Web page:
Equally alarming is the diversity that exists when examining the data through a regional lens. Approvals range from a low of 11,977 in British Columbia, to a high of 249,481 in Manitoba over the five years in existence. For a program national in scope and required by the CHRT, it is surprising how much room there is for the ambiguous application of Jordan’s Principle and the implementation of its principles.
Regional Decisions and Discrepancies
This ambiguity comes into greater focus when exploring the denials of both individual and group requests. With further information obtained from Indigenous Services Canada around application denials for the 2019/20 year, there appears to be significant regional discretion in approval and rejections. While approximately ten per cent of individual requests were denied nationally, a regional breakdown reveals that denials range from 3.4 to 26.3 per cent.
Regional decision makers seem to be playing a huge role in how Jordan’s Principle is being applied and interpreted.
Additionally, internal departmental sources shared that individual interpretation, systemic racism and inherent bias may be playing a role in how requests for assistance from Jordan’s Principle are being approved or denied. If questions exist, or uncertainty around a submission linger, then regional decision-makers escalate requests to national levels, which almost always result in a denial.
When we go a step further and examine the group submission data, the denial rates become even more troubling. Nationally, 18 per cent of group requests were denied in 2019/20, with denial rates ranging from 7.8 per cent to a staggering 51.5 per cent. In Alberta alone, which has the fourth lowest cumulative approval numbers overall, an unfathomable 820,208 supports have been denied. Although it has been clarified by ISC that the 820,000 products or services were from one organization and numerous submissions, it is still troubling that the department has denied more services in one year, from one region, than they have approved in 5 years nationally.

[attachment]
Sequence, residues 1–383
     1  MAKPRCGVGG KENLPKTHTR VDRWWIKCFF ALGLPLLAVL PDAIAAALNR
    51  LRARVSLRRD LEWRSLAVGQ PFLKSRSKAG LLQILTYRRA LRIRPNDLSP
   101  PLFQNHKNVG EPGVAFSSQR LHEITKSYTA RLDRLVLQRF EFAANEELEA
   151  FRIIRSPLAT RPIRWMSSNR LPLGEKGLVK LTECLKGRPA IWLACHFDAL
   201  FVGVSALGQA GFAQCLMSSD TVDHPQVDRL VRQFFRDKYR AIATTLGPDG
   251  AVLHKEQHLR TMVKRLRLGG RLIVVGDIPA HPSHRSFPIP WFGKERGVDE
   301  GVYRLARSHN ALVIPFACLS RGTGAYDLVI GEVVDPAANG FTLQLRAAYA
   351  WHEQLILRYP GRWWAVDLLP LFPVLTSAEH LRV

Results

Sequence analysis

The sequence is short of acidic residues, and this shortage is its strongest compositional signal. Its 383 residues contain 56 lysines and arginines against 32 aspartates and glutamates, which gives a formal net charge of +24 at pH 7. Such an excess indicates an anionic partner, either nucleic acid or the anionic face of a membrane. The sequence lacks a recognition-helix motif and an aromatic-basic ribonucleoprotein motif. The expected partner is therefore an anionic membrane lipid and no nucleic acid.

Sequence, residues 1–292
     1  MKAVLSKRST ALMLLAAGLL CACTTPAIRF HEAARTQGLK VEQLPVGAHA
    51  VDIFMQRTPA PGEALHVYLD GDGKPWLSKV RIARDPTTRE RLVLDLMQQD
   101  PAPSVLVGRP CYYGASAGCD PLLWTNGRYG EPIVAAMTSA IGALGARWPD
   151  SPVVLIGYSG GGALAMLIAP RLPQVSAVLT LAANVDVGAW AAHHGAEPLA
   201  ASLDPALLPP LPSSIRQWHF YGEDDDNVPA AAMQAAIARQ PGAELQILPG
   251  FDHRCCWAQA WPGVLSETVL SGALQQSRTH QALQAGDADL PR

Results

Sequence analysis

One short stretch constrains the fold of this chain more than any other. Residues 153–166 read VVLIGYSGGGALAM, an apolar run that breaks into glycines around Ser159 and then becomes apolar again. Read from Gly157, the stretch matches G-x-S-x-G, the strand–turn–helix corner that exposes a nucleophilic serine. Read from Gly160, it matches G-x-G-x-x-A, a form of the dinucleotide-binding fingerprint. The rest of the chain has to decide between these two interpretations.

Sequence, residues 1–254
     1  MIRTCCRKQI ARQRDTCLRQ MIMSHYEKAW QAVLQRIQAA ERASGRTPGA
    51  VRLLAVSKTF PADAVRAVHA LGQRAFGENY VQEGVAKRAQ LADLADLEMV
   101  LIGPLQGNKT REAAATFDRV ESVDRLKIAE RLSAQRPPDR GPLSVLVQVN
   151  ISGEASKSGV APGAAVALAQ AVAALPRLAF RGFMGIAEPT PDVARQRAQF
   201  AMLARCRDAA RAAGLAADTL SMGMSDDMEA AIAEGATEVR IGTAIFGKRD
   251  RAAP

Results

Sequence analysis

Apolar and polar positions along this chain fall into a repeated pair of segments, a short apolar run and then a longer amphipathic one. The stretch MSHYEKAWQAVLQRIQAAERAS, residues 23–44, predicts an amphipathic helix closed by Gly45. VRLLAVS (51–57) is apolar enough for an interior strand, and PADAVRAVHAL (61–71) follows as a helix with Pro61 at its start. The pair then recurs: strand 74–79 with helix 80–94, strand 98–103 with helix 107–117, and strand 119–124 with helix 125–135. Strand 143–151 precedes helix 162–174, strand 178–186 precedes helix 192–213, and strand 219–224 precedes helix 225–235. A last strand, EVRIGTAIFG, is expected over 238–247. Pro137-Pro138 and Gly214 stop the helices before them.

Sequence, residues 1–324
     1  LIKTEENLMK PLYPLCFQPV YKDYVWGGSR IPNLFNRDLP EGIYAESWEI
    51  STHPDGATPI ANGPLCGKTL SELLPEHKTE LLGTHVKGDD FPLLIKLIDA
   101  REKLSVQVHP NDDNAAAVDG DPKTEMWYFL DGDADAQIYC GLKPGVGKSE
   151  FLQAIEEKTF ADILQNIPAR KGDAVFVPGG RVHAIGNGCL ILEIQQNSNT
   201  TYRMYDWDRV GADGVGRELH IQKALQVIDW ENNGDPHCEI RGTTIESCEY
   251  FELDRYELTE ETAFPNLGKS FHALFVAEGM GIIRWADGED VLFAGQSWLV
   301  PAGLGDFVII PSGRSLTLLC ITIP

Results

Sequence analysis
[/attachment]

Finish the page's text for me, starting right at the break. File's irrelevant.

A Narrow Interpretation of Human Rights
What can be done moving forward? When governments utilize existing positions and decision-making authorities for new programs and services, it is very often that established processes corrupt or influence the new programs. New policy paths are difficult to chart. This very much seems to be the case with Jordan’s Principle.
For years, First Nations people have raised issues with the First Nations Inuit Health Branch, Non-Insured Health Benefits and in the case of Alberta, Administrative Reform Agreements. What these out-dated and discriminatory programs and policies do is ensure that the education and health rights, granted through Treaty and Section 35, continue to be narrowly applied and interpreted.
By continuing to ignore CHRT rulings and the calls of Indigenous families and advocates, Canada and the provinces fail Indigenous children.
The approvals and denials become less of a child-first application, and more of a programming failure band-aid. In terms of Jordan’s Principle, this reality means that children will continue to be placed in precarious positions and denied equitable treatment in this place we call Canada.
Image by Seth Arcand